SEND MONEY NOW ANYWAY YOU CAN. If you send Western Union moneygram they might wave fees & if you can get through by phone, you can pass them the code where they can retrieve the cash, in pesos, immediately, as soon as outlets are up, from anywhere they are, from any bank (larger structures suffered the most damge, in some cases, while some small ma & pop businesses are still functioning with generators and satellite phones -- but that's a guess on my part. Anyway, it's a way to reassure myself. I will be sending more money to Molly & Rebecca as soon as I can later today. (My bank, Chase, put a 7-day hold, which is a 2-week hold what with weekends, on my $1,200 check from the National Museum of Women and the Arts I depositted on the 16th, a Sunday, before catching a flight to UT, a $1,000 check they cashed for me just fine on the 19th. The check from the Museum was more than likely drawn on Chase as all gov checks are, speaking from my experience on numerous NEA panels, Library of Congress & other gov work. Well, folks, your tax dollars at work, investigating suspicious activity like the overdraft-fee-overdrawn personal account of a successful Chicana poet coming out of sick-leave from a State University. I was drafting a letter of outrage to the bank branch manager after having been escorted physically off the premises for asking for a written letter stating why the hold on my honestly earned check from a reputable (USA) business depositing into an active account I've had for over a year was not released ("or am I left to deduce that there is some other reason it was suggested to my face that the check might have been 'fraudulently obtained' such as gender, race, or, perhaps, socioeconomic class?" the point in which I was escorting from the bank bythe Accounts Manager who then stood at the door blocking my re-entry, all for requesting council with the bank Branch Manager who was on the premises in order to present my documentation reagrding the check which included going home and returning with the original check stub, instead of apologizing to me immediately; but the letter, and the insult, and the money when there's more to come soon is just oh so petty in light of this unprecedented catastrphe in this place, this 4 1/2 mile long fish of an island in the "Mar Caribe" which as anyone who knows me well knows, has become my adopted home of some dozen years. I fully intend to grow old and die on the island. I own a small plot of land there which is, most assuredly flooded. But, sorry, dear reader, you're hanging in my private livingroom and the hostess is ranting -- for good reason. I would have sent $400 on day one had that stupid check been creditted on the 17th as was excpected in the good old days before chase bought my local bank last month; and this is all one long black notebook where I keep all my stuff, like venting outrage before writing a logical and well-articulated note to THE MANAGER, and rest assured, Dear Reader, I will be wearing my spelling shoes! Dear Reader, WELCOME HOME! Stay a spell. If you have first-hand knowledge or are searching for loved ones anywhere in the region, please leave a message and I will disseminate & connect as quickly as I can.) And, I will be making more suggestions for direct aid & relief as soon as I know. Knowing Molly, she's like my indigenous grandma: "Where's there's a will there's a way." And, knowing Molly, she will do it with LOVE, that's a force stronger than any hurricane.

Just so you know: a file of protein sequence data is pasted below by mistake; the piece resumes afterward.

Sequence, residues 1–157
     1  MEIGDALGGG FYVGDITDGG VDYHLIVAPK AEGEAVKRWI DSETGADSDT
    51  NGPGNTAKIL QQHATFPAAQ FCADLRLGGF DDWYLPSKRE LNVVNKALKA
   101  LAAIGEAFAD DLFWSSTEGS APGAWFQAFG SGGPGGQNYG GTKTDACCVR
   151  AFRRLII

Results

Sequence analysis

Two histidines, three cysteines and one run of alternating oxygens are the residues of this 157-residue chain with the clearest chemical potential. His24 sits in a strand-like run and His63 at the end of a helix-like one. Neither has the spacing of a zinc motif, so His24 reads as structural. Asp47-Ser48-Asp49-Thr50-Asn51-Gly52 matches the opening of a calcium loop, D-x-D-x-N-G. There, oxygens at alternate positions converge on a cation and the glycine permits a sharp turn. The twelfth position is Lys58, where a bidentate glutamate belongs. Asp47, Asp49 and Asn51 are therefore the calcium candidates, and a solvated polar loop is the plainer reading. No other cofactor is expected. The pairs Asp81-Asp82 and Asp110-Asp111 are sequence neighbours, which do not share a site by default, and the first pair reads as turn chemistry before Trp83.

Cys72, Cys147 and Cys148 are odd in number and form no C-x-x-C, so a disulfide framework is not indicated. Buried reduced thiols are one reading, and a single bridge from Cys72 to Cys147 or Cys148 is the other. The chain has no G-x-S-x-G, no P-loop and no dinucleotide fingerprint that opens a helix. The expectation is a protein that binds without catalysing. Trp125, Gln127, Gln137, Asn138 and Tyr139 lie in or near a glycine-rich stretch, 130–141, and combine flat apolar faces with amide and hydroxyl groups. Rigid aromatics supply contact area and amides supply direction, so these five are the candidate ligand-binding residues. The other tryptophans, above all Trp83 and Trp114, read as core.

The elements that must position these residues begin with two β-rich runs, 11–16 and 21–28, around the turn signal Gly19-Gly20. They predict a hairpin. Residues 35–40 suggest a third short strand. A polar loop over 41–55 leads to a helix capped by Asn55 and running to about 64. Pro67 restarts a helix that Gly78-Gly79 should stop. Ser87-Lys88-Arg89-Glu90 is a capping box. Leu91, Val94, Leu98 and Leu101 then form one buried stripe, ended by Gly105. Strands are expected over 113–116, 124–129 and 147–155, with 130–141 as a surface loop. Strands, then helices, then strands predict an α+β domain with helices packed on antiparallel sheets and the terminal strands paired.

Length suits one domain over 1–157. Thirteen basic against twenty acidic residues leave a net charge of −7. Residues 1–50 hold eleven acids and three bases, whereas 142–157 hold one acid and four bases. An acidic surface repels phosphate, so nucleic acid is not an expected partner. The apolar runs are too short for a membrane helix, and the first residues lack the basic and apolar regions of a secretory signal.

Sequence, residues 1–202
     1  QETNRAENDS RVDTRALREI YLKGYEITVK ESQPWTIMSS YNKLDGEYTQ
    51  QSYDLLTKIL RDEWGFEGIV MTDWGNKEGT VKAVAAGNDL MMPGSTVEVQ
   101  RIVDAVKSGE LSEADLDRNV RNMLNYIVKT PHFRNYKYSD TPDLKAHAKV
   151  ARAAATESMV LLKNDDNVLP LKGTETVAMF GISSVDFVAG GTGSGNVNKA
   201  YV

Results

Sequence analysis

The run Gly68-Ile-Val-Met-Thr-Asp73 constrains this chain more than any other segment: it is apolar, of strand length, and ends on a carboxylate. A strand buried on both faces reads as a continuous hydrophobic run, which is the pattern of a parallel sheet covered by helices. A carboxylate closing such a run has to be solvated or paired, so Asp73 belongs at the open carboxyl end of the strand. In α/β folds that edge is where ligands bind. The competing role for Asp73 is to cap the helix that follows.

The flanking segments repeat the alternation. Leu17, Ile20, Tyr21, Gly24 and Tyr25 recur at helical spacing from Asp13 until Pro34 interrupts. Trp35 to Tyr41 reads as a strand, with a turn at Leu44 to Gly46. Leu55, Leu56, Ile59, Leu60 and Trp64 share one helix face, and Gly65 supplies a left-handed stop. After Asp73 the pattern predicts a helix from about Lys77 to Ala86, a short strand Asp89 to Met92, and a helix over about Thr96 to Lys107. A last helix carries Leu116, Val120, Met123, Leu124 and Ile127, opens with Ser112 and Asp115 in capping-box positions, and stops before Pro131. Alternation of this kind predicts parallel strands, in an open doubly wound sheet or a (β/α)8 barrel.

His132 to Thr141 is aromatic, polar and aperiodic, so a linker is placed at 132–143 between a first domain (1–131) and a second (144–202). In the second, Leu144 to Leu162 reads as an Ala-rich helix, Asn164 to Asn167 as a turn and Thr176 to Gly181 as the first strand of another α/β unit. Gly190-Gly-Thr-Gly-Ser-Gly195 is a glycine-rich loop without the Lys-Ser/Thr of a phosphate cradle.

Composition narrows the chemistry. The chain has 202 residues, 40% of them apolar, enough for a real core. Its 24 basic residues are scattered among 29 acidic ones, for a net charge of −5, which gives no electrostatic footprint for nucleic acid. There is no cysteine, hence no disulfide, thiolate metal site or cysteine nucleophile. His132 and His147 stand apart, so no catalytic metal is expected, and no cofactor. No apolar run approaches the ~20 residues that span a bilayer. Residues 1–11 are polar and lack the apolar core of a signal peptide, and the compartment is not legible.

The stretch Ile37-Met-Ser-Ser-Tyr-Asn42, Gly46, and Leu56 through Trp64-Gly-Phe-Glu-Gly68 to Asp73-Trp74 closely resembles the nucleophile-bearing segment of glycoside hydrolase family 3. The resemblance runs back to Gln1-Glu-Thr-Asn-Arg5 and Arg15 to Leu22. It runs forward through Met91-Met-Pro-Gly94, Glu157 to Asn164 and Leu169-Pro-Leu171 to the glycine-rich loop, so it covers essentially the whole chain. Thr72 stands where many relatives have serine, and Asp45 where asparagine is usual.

"I HATE HURRICANES!!" ~ LDC circa always already